However, meetings have tremendous potential to change lives. Attendees have something in common: a profession, a passion, a shared experience together. They are with people who, in some way, do what they do, speak the same language, and face the same challenges.

What an opportunity to connect with like-minded souls, learn from each other, and, consequently, change one’s life for the better!

Unfortunately, most conferences squander this opportunity. Learning is restricted to broadcast-style lectures, Q&A is often more about status than learning, and attendees have little if any input into the topics and issues discussed.

Peer conferences support change

The peer conferences I’ve been designing and facilitating for 28 years are different. Yes, you can’t make people change. But, as Seth Godin points out, you can create an environment where they choose to!

Peer conferences create an optimal environment for supporting attendees in the difficult work of making changes in their lives.

Peer conferences do this by providing a safe, supportive, and participation-rich environment that includes the freedom to choose what happens.

  • A safe environment supports attendees taking risks: the risks of thinking about challenges and issues in new ways.
  • The supportive environment of a peer conference provides process tools that allow attendees to freely explore new possibilities.
  • A participation-rich environment ensures that attendees are likely to connect with peers who can help them or whom they can help, thus building networks and new capabilities in the future.
  • The freedom to choose what happens at a peer conference allows attendees to collectively create the meeting that they want and need, rather than be tied to the limited vision of a program committee or the vested interests of conference stakeholders.

These are the core design elements of peer conferences that make them so successful in creating change. Their very design maximize the likelihood that participants will choose to make useful and productive change in their lives.

Leadership for meetings

Leadership for meetingsWhat might leadership for meetings look like?

Let’s turn to Harold Jarche for inspiration:

“Those doing the work are often the only ones who really understand the context. Leadership is helping build the structure and then protecting the space to do meaningful work.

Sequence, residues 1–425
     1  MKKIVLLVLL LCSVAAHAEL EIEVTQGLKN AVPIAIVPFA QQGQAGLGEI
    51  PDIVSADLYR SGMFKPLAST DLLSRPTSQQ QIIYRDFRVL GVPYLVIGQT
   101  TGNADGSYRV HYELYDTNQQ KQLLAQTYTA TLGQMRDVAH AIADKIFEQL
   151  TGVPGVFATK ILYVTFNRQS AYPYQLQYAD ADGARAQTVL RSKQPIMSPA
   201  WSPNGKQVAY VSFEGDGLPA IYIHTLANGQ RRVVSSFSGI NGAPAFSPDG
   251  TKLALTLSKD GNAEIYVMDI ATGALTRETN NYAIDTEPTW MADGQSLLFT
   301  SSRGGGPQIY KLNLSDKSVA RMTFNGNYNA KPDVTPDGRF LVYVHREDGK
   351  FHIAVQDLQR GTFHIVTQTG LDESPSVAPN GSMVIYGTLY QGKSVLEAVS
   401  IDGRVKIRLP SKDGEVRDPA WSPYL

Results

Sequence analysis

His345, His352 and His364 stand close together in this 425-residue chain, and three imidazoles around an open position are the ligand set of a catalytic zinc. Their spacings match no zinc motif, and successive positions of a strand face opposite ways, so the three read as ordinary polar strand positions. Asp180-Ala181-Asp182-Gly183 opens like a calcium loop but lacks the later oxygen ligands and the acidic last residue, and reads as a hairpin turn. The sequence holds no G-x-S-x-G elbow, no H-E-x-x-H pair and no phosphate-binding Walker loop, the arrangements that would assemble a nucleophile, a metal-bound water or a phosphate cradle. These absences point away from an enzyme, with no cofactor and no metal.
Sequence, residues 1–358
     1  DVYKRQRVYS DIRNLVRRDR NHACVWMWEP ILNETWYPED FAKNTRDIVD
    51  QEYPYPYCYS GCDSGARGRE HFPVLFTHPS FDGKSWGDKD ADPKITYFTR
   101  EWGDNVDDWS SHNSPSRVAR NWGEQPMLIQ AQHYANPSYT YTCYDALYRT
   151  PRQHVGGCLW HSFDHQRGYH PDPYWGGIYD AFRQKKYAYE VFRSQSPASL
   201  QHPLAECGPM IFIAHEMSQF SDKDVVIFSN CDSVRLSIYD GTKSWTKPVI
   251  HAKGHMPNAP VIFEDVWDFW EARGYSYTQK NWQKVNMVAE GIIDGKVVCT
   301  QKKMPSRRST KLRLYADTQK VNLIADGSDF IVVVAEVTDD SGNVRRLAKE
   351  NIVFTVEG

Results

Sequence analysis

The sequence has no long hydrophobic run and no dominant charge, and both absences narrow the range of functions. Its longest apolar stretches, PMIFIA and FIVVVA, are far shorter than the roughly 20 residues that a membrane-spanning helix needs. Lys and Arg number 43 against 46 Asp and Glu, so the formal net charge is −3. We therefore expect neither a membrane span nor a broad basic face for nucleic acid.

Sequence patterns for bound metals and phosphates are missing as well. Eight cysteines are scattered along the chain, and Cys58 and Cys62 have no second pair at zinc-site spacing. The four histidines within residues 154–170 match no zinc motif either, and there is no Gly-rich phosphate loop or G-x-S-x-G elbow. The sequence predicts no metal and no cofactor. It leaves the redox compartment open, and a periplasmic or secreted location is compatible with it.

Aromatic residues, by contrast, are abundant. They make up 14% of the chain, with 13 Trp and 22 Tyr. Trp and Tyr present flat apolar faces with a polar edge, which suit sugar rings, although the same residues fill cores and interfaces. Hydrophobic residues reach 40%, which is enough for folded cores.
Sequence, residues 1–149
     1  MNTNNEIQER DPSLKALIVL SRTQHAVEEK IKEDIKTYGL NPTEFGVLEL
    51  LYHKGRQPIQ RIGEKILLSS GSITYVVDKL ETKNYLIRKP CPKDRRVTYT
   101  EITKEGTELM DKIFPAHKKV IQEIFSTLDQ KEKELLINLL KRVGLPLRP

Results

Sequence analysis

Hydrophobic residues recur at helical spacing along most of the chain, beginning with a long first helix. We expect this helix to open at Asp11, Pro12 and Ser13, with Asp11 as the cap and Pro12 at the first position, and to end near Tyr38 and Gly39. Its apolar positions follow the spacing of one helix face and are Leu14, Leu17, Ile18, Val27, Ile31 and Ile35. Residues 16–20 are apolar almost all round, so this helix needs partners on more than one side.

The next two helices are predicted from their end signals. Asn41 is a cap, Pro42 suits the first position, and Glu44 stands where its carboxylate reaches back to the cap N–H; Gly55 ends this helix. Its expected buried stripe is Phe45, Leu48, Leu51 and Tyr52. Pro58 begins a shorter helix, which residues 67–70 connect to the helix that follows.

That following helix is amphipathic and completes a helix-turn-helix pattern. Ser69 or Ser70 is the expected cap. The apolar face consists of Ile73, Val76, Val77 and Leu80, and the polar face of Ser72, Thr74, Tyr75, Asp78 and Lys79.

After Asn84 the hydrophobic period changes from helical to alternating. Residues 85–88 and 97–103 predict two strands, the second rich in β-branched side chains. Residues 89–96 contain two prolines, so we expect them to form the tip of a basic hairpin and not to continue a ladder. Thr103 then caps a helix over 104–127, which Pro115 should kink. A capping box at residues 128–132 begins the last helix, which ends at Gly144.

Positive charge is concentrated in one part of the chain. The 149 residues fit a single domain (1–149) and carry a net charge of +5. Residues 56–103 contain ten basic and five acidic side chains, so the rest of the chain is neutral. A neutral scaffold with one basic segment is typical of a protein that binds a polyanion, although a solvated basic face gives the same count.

—Harold Jarche, work in 2018

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Being truly heard and seen at meetings

When we enable people to meaningfully connect at a meeting, something extraordinary happens. We transform a conference from an impersonal forum for information exchange to a place where people feel they matter: their views, their experience, their ability to contribute become seen.

Such a transformation is the essential work needed to build human community around the event. It becomes something special, standing out like a beacon from the humdrum conferences routinely inflicted on attendees.

The meeting feels different, is different, because it allows participants to be truly heard and seen. Because being listened to is a gift. And, as Seth Godin puts it:

“We like to see. But mostly, we’re worried about being seenthe culture of celebrity that came with TV has shifted. It’s no longer about hoping for a glimpse of a star. It’s back to the source–hoping for a glimpse of ourselves, ourselves being seen.”
—Seth Godin, Mirror, mirror

It takes a few minutes at the start of a gathering to create agreements that help make it a safe place for participants to speak their minds, ask appropriate questions, and share possibly intimate yet important information about their work and lives that inform the entire event.

Immediately, the conference is subtly different, full of new possibilities, some of which might have been considered risky or even taboo. Everyone in the room begins to learn about each other in ways that matter. Everyone begins to discover how they can become a part of the gathering, how they can contribute and how they can learn about issues and challenges that personally matter.

Make it easy for participants to be safely and truly heard and seen. Your conferences will be all the better for it.

Image attribution: Flickr user paris_corrupted

The Secrets Behind Conference Engagement

Secrets Behind Conference Engagement